This hasn’t happened yet because there has been no data format that can represent everything. Even the 3D model captured in the video above only shows what is there, not what each of the parts are. Maps of the world don’t capture all the information either, but they are important as an index. Everything has a latitude and longitude. 3D scans extends real world indexing to the everyday supply chain during manufacturing, similar to how mining have been using laser scanners for years.
Projects, especially large projects, need a clause in procurement contracts specifying ongoing reporting of development and build progress, regularly generated to the level of publicly comprehensible visualisations (apropos exclusion of sensitive information). That expectation is a driver for a manufacturing environment in South Australia that retains controlled transparency based on directly measured data. This kind of requirement creates
a mutual assurance policy for private and public ventures, reducing risk.
To paraphrase Sir Humphrey Appleby: “If it isn’t in the minutes, it didn’t happen”. And I’ll add: “If you can’t see it, it doesn’t exist”.
Basing structure on physical existence provides an index for all possible systems and it is the simplest common format that can be seen with your own eyes. This level of communication enables South Australia to manage the complexity of increasingly cost efficient projects of a larger scale, without audits subsequently revealing major issues which could have been addressed earlier and cheaper.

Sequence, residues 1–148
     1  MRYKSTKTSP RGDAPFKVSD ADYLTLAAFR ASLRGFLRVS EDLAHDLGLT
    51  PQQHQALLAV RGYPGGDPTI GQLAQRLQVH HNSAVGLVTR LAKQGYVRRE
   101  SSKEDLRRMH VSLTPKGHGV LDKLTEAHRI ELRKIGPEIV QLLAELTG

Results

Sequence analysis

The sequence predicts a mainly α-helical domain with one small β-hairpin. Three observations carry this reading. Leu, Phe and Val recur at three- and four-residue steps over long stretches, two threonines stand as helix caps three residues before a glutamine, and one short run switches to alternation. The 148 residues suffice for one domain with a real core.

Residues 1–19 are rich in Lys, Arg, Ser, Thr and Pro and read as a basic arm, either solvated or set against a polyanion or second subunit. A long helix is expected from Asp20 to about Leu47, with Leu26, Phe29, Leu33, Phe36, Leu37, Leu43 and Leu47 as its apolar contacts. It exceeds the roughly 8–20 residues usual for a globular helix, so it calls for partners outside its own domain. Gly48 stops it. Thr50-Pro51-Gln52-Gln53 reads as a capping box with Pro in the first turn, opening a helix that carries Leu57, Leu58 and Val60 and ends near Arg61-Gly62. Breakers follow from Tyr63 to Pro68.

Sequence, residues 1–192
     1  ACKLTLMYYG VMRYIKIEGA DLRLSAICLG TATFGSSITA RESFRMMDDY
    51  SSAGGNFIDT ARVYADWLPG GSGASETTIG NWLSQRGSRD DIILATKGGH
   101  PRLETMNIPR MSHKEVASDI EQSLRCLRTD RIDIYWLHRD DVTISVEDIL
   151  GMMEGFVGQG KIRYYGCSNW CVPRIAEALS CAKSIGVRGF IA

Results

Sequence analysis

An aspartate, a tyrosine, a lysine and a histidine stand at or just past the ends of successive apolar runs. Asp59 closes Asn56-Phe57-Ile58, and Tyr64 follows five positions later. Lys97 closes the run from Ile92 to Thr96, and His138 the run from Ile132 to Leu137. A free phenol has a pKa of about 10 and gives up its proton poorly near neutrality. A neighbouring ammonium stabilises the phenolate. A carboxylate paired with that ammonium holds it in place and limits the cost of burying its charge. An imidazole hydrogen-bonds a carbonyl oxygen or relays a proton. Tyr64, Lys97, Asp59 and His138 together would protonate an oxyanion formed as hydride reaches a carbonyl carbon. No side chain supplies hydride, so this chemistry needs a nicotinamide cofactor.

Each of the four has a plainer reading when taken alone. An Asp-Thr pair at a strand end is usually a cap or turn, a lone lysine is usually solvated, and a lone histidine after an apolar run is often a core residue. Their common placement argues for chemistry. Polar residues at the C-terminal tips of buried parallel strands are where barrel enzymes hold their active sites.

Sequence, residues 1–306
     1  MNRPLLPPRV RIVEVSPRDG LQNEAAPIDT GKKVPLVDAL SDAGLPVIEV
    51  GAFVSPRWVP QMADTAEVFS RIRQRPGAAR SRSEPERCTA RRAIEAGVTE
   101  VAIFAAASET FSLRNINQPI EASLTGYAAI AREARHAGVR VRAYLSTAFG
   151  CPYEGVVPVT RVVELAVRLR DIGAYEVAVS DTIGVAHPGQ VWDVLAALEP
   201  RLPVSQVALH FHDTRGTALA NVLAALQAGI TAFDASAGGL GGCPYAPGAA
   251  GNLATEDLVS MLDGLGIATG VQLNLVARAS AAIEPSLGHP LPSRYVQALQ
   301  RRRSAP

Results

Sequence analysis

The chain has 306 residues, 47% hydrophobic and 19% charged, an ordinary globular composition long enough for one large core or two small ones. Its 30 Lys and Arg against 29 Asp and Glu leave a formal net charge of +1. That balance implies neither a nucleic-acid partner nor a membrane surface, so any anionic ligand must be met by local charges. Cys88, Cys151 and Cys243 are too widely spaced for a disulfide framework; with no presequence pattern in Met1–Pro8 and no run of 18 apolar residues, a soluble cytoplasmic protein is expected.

This is where Adelaide has an advantage – it is distinct enough to be its own space and small enough to co-ordinate in the same way as similar places in Scandinavia and Europe.
Norway is an interesting case – they put oil money into the Government Pension Fund, every citizen is a millionaire, and they’re now a country who can live off the interest of their capital. This is sometimes misreported as high unemployment, but this is the “abundance orientated economy” that is coming.
South Australia should seize the future before it is distributed elsewhere.
Stephen White is an engineer who works in large project recovery. He is a Monash University Distinguished Alumni for his work on the Jindalee Operational Radar Network – one of Australia’s most significant recent defence infrastructure projects.
He is a member of the Committee for Adelaide.